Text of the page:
• 46:51 I remember, at some point, that was the default. Especially for older people that had been using computers for a long time, or who weren’t used to computers and had learned a very specific way, that was very confusing. “Oh, the whole computer is wrong.” There was a way to get into what we consider a normal desktop, but you had to know these shortcut keys. It was kind of a mess. In that case, no, that isn’t easy for your target audience to understand.
  • Your audience will be confused if you completely change the system instead of gradually implementing change until you have the final, changed product.

  • 47:43 Cory: That was a great example.
  • 47:46 Kyle: I’m on point with examples today.
  • 47:49 Cory: You’re so good with your examples! For Kristiana’s birthday a number of years ago, I bought her a new laptop. She wouldn’t go to Mac yet. I finally convinced her, after all these years, but she wanted a Windows computer. She needed an upgrade, because she had a really old one. When she got a new computer, it was a Windows 8 computer. It had a touch screen, and it was infuriating to her. She didn’t understand it. She just wanted things to be simple and as they were, because she was used to it.
  • 48:21 Obviously, there needs to be some area for innovation. Absolutely. We’re not downplaying innovation at all, but you still need to ask this question—is this thing going to be simple for my target audience to understand? If not, what can I do to help mediate the process from point A to point B.
  • 48:42 Kyle: You mentioned innovation. That’s where I worked for a couple of years, in that innovation space, within a company, and that was part of it. That’s kind of what I’m trying to get to here. It wasn’t necessarily that the Windows 8 interface was bad, but there wasn’t any gradual implementation of it. Typically, when something is that radically different, unless it’s some new product, if it’s a product or brand that’s already established and you want to take it somewhere completely new, there can be this gradual cycle of starting to change things.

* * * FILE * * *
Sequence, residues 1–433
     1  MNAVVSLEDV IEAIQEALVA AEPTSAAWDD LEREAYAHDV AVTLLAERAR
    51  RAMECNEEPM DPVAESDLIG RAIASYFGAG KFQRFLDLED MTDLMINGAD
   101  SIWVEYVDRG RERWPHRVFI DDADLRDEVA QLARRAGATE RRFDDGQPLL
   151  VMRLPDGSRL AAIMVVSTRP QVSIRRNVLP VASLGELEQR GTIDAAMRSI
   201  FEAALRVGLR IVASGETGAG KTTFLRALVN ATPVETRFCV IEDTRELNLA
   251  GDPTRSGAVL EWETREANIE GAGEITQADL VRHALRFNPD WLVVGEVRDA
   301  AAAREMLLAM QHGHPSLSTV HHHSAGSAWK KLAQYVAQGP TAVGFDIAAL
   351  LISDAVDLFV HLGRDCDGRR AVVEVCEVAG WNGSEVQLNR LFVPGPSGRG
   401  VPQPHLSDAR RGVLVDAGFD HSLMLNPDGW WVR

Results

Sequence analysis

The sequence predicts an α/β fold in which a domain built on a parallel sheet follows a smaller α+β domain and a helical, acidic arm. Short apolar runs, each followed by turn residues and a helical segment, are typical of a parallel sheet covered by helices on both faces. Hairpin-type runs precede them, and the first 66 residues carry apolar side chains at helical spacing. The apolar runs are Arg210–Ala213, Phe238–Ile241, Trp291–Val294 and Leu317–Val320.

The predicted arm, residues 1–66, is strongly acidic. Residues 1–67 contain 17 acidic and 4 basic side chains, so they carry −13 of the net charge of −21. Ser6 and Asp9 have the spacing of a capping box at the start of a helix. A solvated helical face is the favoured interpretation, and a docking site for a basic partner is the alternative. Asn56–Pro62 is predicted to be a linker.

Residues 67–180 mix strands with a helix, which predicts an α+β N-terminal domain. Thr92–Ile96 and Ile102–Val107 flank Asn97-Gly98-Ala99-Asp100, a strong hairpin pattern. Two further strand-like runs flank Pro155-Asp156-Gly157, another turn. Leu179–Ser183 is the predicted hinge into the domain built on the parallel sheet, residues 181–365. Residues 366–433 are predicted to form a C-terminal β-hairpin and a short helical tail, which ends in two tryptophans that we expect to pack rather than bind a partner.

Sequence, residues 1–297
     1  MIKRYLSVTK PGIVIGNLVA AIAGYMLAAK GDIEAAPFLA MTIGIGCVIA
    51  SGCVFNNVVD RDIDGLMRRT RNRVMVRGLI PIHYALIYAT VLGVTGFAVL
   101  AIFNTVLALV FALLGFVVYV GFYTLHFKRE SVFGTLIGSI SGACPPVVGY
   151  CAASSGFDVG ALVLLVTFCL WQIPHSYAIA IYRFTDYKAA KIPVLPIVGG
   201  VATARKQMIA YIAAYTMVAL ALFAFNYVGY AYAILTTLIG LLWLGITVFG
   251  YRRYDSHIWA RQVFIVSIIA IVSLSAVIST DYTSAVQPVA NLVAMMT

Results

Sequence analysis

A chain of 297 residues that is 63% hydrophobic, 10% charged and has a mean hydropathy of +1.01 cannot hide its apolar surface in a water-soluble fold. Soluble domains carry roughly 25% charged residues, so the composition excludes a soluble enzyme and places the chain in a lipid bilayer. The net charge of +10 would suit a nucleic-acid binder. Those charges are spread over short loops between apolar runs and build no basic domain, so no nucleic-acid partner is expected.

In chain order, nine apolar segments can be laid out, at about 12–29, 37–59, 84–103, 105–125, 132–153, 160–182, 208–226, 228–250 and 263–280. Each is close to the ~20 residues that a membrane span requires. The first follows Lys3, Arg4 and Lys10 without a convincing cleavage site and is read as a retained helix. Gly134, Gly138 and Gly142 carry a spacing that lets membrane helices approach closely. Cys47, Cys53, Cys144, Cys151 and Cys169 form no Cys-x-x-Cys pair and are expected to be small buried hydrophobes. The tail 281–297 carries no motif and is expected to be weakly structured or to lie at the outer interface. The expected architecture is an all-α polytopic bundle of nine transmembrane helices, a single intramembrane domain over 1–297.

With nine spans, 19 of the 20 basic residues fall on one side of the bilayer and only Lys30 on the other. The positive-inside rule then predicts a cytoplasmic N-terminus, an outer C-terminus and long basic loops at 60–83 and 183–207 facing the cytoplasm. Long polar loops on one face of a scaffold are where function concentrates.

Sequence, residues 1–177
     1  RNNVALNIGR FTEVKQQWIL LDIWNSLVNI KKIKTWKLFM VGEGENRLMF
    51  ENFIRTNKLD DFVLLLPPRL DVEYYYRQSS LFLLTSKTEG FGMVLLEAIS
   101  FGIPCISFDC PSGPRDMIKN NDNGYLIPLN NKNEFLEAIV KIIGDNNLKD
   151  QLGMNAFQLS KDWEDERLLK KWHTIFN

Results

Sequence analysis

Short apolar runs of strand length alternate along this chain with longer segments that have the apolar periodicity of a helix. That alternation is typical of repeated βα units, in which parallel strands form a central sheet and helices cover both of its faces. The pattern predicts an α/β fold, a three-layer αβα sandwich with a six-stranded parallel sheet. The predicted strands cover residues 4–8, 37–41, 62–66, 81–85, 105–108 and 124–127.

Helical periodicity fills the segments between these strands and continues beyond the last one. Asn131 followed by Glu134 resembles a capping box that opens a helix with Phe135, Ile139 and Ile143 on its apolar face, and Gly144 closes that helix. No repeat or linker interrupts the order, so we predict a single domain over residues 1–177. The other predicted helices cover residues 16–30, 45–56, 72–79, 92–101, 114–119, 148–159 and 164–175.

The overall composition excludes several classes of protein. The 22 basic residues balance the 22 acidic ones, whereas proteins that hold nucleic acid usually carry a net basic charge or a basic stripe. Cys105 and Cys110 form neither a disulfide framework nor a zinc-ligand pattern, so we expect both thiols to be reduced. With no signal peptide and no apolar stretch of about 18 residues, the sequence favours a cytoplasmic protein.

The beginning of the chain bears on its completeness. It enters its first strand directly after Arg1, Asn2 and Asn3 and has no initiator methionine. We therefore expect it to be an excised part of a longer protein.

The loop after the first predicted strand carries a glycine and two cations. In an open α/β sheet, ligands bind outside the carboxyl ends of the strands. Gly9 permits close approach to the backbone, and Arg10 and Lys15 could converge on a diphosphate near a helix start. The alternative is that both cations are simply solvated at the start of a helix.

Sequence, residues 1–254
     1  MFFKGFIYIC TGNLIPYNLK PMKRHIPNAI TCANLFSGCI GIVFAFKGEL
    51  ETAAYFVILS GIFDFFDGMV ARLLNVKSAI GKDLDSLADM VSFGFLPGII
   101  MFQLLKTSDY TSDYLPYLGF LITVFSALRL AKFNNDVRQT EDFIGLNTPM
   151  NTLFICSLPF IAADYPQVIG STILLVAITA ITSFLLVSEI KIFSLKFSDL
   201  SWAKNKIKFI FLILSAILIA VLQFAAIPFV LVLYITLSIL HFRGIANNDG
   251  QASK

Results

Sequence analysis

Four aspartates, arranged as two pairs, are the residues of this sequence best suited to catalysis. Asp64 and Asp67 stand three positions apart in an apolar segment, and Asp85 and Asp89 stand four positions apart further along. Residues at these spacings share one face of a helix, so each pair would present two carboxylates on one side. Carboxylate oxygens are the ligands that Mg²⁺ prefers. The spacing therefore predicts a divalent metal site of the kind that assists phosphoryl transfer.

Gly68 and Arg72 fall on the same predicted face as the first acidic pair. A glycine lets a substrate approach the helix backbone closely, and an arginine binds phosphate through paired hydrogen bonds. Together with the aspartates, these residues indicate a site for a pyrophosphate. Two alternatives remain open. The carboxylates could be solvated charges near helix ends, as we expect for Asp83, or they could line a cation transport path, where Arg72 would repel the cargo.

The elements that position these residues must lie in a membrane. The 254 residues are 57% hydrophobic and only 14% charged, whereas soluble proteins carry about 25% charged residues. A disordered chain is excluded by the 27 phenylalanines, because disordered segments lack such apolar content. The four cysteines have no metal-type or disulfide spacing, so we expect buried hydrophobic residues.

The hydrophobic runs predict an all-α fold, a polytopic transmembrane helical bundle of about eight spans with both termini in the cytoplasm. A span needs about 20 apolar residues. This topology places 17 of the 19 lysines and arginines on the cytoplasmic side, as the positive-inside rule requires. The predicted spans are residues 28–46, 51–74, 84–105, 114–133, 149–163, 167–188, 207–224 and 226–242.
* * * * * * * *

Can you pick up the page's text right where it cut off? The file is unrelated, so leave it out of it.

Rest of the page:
• 49:24 That doesn’t meant that you don’t ever change it to the thing you want to change it to, but you do it a little bit slower. You implement it in pieces, so that the people participating with your brand can slowly start to acclimate to the new environment.

8. Is It Something I Can Sell or Use for the Purpose of Selling Something Else?

  • 50:15 Cory: Selling doesn’t necessarily mean that you have a product and you’re exchanging it for money. You might be able to sell an idea. If you’re a non-profit, you’re trying to sell the mission of your non-profit so that you can receive donations or other kinds of funding. You need finances to survive. You just need money in this world. You can’t get away from that. As a brand, you need to function in a way that sustains you financially. If this is something that’s going to take money out of your pocket and you can’t be sustained in helping the people you want to help, there’s something wrong.
  • 51:03 You need to ask yourself, “Is what I’m doing something I can sell or use for the purpose of selling something else?” In a simpler way, you could say, “Is this something that is going to help sustain my brand going forward?”
  • 51:26 Kyle: That doesn’t necessarily mean that you can’t give anything away. People start hearing that it’s all financial, but there’s room for giving. You should be giving things to people. That’s part of it. Is it something you can sell or use for the purpose of selling something else? Today or tomorrow, I have the 50th icon tutorial on my YouTube channel. I’ve been doing daily icon tutorials.
  • 52:10 There’s a lot on there. There’s value there. I could be selling that. It could be something I could sell. Instead, I’m using it for the purpose of promoting myself and establishing the fact that I know how to make icons. That’s what I’m projecting. I’m working on a course at the moment. In fact, tomorrow, Saturday, the 15th of October, I’m launching an email course. Again, that’s not necessarily a profit thing, but it funnels to something that does lead to profit, which is a very robust video course on designing icon sets.
  • 52:54 That’s something I’m working on. There’s all this free content on the front end. This doesn’t mean that you have to be greedy and that everything you do has to translate to money.
  • Whatever you do, do it intentionally so it funnels to something that brings in a profit, so you can continue to do what you’re doing.

9. Will It Improve the Perception My Target Audience Has About My Brand?

  • 53:39 Cory: What’s a brand, Kyle?
  • 53:42 Kyle: What is a brand? Go to episode 1 of Invisible Details. It’s all explained there.